Jun 21, 2021 • 17M

204 Time & Space

 
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The Sunday Letters Podcast is the weekly audio newsletter on the meaning & purpose of daily work and our oftentimes paradoxical relationship with it. We explore how human beings may break free from tiresome means-to-an-end work and finally take command of their own working lives. Topics include solo working, careers, entrepreneurship, economics, society and culture. Content follows the written newsletter, which goes out to subscribers every Sunday.
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Time and space are important in creative work or, in fact, any work. Any work worth doing can be a creative outlet, but whatever it is, it needs time and space. We like to admire great works of art, and we believe there is something special about the people who create these things. Something special over and above ourselves. We couldn’t possibly come up with something as unique and beautiful as that. We’re inclined to keep moving, keep making whatever it was they taught us, and keep taking their dollar for our trouble. We’re too busy, you see, being something else to someone else and rarely anything ourselves. We have jobs to do, people to see, deadlines to meet and bills to pay. How can we possibly make the time and space we need to do great work? Being busy is more important, and any time we do make for ourselves, we spend it on frivolous things that lack complexity and stimulation.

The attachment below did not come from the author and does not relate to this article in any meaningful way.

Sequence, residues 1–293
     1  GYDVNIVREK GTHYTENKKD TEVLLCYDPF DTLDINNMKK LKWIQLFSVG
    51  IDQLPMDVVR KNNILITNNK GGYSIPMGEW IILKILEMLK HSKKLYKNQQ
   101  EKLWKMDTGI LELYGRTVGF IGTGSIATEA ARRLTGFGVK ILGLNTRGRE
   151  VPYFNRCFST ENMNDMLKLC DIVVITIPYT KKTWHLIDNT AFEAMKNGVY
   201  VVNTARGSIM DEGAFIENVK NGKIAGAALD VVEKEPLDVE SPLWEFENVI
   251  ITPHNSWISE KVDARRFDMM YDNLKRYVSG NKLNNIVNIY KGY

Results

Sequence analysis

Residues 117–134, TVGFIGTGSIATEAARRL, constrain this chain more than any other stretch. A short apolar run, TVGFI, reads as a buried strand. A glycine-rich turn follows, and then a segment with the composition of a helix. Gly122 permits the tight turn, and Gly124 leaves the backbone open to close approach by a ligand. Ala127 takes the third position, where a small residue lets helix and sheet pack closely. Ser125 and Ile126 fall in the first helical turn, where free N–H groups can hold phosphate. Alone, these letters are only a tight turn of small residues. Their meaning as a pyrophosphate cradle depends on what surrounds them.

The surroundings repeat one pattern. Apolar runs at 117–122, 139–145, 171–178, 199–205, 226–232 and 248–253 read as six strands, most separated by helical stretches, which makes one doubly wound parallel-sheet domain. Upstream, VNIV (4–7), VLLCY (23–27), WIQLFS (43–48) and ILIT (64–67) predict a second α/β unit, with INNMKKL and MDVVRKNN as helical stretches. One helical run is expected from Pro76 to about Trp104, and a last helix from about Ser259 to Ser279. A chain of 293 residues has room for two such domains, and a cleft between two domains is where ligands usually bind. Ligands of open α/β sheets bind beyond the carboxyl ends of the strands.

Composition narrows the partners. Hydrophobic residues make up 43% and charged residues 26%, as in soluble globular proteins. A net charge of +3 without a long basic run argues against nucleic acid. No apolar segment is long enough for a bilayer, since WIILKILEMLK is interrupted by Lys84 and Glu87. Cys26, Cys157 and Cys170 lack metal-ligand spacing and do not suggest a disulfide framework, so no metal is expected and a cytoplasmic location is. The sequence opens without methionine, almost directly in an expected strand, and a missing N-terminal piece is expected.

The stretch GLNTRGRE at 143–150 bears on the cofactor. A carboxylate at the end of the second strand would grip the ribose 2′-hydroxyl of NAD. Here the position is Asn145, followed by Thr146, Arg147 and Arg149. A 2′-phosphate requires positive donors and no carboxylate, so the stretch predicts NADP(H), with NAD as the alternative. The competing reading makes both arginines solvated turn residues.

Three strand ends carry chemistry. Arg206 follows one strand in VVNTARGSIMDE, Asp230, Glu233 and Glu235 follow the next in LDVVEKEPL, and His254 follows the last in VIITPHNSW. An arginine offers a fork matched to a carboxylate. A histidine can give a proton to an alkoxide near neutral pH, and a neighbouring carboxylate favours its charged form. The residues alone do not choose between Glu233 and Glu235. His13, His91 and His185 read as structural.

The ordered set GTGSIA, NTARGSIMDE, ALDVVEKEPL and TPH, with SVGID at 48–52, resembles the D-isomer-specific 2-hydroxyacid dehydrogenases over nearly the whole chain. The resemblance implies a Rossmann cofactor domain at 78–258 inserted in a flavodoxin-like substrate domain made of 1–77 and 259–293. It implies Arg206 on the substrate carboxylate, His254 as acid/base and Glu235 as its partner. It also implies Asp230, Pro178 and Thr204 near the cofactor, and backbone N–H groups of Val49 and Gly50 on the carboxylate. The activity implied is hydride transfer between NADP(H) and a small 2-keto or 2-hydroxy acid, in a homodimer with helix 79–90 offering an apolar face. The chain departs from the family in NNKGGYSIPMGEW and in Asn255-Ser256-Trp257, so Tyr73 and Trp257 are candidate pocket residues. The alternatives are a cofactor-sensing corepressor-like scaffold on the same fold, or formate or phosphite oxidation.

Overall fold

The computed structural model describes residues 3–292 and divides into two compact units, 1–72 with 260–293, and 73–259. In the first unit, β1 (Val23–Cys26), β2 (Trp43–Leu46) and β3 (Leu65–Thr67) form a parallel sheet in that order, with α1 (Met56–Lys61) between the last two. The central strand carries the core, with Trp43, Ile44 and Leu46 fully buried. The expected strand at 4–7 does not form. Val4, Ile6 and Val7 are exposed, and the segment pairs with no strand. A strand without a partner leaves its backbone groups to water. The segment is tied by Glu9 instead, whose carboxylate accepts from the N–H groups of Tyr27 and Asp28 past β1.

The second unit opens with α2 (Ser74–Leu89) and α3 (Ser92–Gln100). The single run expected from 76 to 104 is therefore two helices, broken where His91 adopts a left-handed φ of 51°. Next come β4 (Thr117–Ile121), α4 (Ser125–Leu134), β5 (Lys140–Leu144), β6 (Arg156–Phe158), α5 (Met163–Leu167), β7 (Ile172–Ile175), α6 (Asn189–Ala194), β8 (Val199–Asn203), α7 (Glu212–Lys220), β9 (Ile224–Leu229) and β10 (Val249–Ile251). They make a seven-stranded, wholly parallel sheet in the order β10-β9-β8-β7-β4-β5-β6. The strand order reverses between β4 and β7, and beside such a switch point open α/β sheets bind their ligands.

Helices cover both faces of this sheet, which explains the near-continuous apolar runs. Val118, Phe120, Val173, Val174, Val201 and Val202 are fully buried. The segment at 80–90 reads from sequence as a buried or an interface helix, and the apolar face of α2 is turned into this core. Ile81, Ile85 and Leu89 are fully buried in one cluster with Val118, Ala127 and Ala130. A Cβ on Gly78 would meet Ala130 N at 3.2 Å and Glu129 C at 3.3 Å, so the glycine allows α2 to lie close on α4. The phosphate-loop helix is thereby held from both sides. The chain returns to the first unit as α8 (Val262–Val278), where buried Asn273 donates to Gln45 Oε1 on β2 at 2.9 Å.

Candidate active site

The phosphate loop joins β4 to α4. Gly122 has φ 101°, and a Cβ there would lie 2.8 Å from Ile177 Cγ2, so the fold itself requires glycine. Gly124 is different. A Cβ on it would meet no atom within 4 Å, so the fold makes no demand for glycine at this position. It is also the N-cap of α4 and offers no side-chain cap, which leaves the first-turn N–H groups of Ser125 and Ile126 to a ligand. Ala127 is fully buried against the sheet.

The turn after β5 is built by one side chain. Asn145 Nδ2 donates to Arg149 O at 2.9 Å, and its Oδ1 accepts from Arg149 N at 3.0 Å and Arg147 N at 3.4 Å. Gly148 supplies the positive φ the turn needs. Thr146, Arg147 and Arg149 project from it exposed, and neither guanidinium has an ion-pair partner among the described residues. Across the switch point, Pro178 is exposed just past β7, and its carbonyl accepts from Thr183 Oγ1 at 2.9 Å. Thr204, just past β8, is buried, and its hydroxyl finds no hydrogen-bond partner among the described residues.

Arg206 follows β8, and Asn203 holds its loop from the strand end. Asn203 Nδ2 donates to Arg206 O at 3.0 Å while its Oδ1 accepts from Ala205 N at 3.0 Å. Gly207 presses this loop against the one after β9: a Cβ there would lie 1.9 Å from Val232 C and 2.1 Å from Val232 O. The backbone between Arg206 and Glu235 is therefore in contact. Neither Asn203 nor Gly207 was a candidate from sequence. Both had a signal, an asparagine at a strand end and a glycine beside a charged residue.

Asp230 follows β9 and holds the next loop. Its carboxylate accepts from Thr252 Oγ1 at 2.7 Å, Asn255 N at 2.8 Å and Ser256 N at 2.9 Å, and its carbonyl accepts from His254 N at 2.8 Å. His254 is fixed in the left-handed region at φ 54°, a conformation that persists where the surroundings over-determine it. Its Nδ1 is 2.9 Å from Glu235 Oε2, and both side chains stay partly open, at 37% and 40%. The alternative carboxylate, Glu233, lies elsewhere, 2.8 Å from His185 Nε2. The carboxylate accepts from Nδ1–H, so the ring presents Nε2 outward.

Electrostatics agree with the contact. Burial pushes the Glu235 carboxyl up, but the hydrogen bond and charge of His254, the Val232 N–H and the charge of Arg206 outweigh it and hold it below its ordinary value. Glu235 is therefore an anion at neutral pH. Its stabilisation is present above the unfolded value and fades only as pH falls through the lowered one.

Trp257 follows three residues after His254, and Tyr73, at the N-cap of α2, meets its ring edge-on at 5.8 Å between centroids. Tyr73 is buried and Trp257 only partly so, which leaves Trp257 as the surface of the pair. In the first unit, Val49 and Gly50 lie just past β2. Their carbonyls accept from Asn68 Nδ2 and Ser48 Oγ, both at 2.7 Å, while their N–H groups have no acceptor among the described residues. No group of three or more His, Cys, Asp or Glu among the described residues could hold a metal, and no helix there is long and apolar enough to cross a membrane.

On art, David Lynch quotes Bushnell Keeler, artist and father of a friend; “If you want to get one hour of good painting in, you have to have four hours of uninterrupted time.” That’s basically true, Lynch says. “You don’t just start painting. You have to kind of sit for a while and get some kind of mental idea in order to go and make the right moves… Then it’s a matter of studying it and studying it, and studying it; and suddenly, you find you’re leaping up out of your chair and going in and doing the next thing.”

I was glad when I read that because it gave me a licence to take my time. I mean, I knew it already, but a part of me questioned it. The thought comes in; you should be doing something, c’mon, you should use your limited time productively. But when I write, I need hours and hours. I can’t just jump into it and write something I consider good. There has to be a lead-in. Like Lynch says, “if you know you’ve got to be somewhere in half an hour, there’s no way you can achieve that.” There needs to be space for the idea to propagate. That means we’ve got to be on our own without distraction to allow the self to show us something.

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